Kerry Nettle's defeat in the New South Wales senate race is one of the disappointments of this federal election. She was squeezed out by the major parties who between them seem certain to claim all six NSW senate seats. It represents remarkable good luck for Ursula Stephens, who was booted down to number three on the Labor ticket. Her return represents a nett gain of one NSW senator for the ALP at the Greens' expense.
Monday's Sydney Morning Herald reports that Family First have disendorsed their candidate for the western Sydney seat of Reid, after a photo, apparently of the aspiring member displaying his private member, turned up on the internet.
"Look, maybe somebody photoshopped it, and put another one on the photo," Andrew Quah said. "I can tell you, it's not me. I know these things."
Three more items today's collection of Federal Election Youtubes.
The Democrats may well be on the brink of oblivion at this election. Of their four remaining senators, two (Lyn Allison and Andrew Bartlett) are standing for re-election, while the other two (Natasha Stott-Despoja and Andrew Murray) are retiring. It would be a huge shame if Senator Bartlett is lost to federal politics. Meanwhile, the current leader of the party, Lyn Allison, is getting on with the job of issuing policies and making videos, even if no one is paying attention. Here she is campaigning for better support for carers.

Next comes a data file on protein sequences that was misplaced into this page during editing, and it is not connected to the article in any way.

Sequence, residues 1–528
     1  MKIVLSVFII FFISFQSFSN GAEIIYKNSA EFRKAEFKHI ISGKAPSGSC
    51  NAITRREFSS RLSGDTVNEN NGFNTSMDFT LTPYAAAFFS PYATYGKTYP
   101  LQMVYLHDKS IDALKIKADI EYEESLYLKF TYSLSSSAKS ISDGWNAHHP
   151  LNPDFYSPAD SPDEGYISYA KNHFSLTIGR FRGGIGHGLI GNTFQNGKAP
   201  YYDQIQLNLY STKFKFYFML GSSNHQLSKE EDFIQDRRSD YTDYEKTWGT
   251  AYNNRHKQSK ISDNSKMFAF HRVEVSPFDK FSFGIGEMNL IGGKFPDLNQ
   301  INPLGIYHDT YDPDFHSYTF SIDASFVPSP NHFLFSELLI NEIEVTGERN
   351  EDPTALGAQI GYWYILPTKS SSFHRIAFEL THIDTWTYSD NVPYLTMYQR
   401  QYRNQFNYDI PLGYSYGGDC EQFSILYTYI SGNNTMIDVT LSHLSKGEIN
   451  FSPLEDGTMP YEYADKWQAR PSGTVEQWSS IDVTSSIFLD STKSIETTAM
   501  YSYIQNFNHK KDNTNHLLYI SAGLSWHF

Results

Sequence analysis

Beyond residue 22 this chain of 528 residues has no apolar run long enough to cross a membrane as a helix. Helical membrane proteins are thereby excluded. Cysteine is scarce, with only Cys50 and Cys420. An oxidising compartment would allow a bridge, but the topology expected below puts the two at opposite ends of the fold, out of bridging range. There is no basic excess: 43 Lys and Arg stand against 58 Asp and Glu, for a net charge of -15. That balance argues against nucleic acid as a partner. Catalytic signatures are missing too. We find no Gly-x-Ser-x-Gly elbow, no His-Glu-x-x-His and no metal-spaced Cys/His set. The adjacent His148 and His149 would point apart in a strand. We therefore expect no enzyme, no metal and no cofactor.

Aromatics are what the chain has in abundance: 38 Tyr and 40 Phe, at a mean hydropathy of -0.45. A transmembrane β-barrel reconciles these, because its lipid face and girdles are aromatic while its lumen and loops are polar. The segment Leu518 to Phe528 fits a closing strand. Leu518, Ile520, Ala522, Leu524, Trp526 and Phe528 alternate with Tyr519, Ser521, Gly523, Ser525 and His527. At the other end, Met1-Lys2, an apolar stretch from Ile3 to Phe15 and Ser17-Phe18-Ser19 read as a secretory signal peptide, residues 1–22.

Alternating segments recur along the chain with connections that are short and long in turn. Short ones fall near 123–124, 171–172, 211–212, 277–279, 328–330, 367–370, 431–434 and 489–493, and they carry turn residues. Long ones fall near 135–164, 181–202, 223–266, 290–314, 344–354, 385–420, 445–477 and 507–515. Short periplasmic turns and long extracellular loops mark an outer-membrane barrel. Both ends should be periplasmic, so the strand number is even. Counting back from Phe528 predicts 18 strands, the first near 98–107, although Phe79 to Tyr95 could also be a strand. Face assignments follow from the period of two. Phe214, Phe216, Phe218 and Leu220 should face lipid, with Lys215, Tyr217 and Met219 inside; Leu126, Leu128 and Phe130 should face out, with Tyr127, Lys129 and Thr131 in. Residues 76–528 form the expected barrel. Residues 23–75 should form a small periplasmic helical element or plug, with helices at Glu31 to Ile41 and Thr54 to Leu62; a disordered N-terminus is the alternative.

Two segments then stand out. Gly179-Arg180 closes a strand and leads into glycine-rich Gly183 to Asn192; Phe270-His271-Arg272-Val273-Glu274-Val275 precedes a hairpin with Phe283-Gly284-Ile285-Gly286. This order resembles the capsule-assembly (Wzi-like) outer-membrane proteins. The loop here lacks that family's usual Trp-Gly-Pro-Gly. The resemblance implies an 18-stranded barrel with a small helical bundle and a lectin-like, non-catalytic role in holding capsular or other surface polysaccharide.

Family First's Senator Steve Fielding is not up for re-election this time, but having fluked his way into the senate in 2004 on preferences, he is now trying to get more of his stablemates up. In this video, showing the temerity to seek a second senator in Victoria, he attempts to take on both the Nationals and the Greens on home turf.
And finally, John Howard shows, on Monday night's A Current Affair, how he keeps interest rates so low - he gets them wrong!